Meerbusch’s memorial to the victims of the holocaust

At the entrance to the cemetary in Büderich, just to the right as you go in, there is a memorial sculpture by Peter Rübsam, erected in 1988, consisting of seven basalt pillars, each with a bronze plaque in front of it. On each plaque is written one word:  Dachau, Buchenwald, Theresienstadt, Riga-Kaiserswald, Treblinka, Maidanek, Auschwitz

Meerbusch-Büderich’s memorial to the victims of the Nazi regime

A quadrupal wedding in Lank-Latum 1935

Close family ties took on another meaning back in 1935 when the three Radmacher sisters, Franziska, Leni and Adele and the three Hermkes siblings all married at the same time. For both families it must have been a highly memorable occasion. Nowadays it seems odd that the brides are all wearing black, but white wedding gowns were not well established in the Rhineland until the 1940s. Before that a formal black Sunday dress would typically be teamed with a wedding veil and flowers as we see here.

Images from Landleben und Brauch – Heimatkreis Lank e. V. 1998

The last victims of world war two in Meerbusch-Büderich

While collecting stories about Meerbusch, sometimes you stumble upon one which is unbelievably poignant.

In the cemetery in Meerbusch-Büderich is a memorial to the local civilian victims of two world wars as well as one unknown soldier. The monument was designed as a warning to the population, never to let such terrible wars recur. The sculpture by Adolf Westergerling is a conical column topped by a raised warning finger. It was erected in 1959.

Memorial and warning to the populace, Adolf Westergerling 1959

Around it, in the form of stone crosses are twenty memorials to the thirty-seven civilians who died in Meerbusch-Büderich during the conflicts. Perhaps the most bitter of all of these are the headstones for three children, all of whom lived at the end of the Nordstrasse and all of whom died on May 20th 1945.

These children’s deaths are particularly tragic, not only because of their young age. At the time they died in May 1945, the fighting in Meerbusch was already over. A month earlier as the US army had passed through, the local German population had been evacuated from Meerbusch to villages to the south and west (mainly Heerdt and Willich) while the battle to cross the Rhine continued. By May the advancing army had passed through and the Meerbuschers had been allowed to return to their homes.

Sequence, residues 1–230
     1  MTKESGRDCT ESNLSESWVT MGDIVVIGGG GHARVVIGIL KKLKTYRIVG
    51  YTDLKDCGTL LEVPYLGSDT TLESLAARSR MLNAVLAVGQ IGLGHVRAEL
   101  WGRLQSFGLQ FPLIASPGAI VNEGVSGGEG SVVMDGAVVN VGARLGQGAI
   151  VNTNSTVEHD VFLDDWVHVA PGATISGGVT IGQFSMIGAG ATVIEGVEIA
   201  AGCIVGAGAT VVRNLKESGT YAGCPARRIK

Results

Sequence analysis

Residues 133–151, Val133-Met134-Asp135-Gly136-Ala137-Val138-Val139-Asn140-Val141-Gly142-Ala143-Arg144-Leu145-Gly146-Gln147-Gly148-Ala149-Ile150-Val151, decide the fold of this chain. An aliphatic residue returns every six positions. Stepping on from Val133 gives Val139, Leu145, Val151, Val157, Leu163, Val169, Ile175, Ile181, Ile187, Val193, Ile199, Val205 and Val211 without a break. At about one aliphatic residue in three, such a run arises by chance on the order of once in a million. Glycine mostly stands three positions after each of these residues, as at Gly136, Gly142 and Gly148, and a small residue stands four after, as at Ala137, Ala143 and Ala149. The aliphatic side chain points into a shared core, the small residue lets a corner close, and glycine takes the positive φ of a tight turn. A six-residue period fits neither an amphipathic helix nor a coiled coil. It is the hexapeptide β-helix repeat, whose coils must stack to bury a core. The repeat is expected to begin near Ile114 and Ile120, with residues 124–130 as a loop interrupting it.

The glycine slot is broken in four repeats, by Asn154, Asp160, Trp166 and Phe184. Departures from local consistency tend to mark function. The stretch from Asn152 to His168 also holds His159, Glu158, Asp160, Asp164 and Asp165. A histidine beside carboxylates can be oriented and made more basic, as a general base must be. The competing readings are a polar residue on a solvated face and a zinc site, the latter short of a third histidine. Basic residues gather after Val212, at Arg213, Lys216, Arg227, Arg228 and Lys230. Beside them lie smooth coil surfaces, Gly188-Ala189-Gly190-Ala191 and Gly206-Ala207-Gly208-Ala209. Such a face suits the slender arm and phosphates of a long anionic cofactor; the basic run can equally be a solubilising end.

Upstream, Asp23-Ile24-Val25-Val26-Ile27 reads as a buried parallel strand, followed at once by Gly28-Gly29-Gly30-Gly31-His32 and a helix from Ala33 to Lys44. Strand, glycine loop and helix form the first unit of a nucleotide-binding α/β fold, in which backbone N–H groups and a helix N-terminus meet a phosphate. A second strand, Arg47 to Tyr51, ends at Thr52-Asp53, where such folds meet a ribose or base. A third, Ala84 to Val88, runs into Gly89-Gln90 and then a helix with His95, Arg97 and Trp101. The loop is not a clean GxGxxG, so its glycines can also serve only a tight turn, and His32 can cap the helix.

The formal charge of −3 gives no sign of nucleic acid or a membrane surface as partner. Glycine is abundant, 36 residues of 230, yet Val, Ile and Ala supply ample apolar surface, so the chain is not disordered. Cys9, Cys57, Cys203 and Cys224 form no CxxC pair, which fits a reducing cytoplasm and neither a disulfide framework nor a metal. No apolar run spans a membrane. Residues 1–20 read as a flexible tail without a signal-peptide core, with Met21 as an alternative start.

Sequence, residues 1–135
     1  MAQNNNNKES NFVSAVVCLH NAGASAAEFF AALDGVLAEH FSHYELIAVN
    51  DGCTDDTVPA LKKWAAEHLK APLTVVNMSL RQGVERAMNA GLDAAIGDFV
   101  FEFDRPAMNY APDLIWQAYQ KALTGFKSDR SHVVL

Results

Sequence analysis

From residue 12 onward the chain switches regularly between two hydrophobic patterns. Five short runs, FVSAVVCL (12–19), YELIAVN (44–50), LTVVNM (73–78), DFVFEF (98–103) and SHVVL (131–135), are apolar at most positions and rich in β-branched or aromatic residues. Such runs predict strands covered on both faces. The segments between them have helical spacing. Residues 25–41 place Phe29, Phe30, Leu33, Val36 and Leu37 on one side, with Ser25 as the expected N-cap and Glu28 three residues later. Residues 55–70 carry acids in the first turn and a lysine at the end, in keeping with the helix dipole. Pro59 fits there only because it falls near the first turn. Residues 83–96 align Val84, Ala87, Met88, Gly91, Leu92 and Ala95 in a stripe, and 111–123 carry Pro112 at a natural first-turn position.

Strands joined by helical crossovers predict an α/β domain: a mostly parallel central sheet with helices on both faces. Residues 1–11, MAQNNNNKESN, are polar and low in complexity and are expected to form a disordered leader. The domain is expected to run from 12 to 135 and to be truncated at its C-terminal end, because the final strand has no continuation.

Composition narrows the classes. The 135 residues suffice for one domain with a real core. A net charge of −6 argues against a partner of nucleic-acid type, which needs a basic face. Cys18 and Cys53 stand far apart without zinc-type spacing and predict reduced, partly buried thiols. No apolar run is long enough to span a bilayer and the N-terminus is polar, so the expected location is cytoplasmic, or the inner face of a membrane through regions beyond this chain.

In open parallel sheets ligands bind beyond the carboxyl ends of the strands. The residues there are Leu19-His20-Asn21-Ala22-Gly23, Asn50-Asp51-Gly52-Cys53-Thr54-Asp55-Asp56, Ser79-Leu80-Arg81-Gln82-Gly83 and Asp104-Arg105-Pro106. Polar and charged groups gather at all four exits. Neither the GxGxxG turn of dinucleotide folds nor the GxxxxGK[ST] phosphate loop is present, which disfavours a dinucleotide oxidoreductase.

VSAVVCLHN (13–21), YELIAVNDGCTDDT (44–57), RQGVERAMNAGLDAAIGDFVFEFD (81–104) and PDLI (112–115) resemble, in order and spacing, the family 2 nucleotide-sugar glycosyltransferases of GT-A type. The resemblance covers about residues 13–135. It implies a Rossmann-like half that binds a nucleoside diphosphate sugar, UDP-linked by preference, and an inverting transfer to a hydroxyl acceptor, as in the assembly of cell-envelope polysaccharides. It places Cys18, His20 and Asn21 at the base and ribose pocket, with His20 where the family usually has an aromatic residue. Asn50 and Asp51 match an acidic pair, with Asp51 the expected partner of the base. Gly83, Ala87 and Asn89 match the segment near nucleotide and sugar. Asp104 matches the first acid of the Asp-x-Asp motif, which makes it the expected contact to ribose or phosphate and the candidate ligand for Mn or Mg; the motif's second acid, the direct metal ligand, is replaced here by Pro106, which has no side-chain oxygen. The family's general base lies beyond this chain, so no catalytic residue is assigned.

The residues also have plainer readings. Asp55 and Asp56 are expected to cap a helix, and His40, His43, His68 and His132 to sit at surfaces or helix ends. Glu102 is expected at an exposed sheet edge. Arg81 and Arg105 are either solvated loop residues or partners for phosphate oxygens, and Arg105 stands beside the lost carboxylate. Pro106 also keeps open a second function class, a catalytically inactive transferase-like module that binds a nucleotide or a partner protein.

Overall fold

They came back to a scene of some devastation. The army of occupation had made free with provisions and possessions in the private homes they had occupied for a month. Bombardment from the opposite side of the Rhine had caused considerable destruction, as had explosions from booby traps and mines, such as the one which crippled a Sherman tank next to the Böhlerwerk.

US Sherman tank blown up by a landmine by the Böhlerwerk, killing one and injuring five

It was to this environment that Klaus Wahl, Willi Pöttgen and Petronella Theunissen returned to where they lived behind the Böhlerwerk on the Nordstrasse. On the 20th May the three young neighbours were exploring together outdoors when they discovered a new toy to play with. Tragically the ‘toy’ turned out to be a live grenade which exploded in their hands, killing them outright. They were the last casualties of world war two in Meerbusch.

Haus Hamm in Meerbusch-Strümp – a hidden tower in the woods?

In one history of Meerbusch I came across a picture of a place I don’t recognise. It seems to be a derelict tower standing on its own in woods. The description says it was taken in around 1900.

I have never come across this place in real life – maybe it no longer exists – or maybe it is hidden away off the beaten path somewhere. There are some references in historical documents. From the sixteenth century until at least 1745 it was owned by various members of the von Backum family.

Haus Hamm around 1900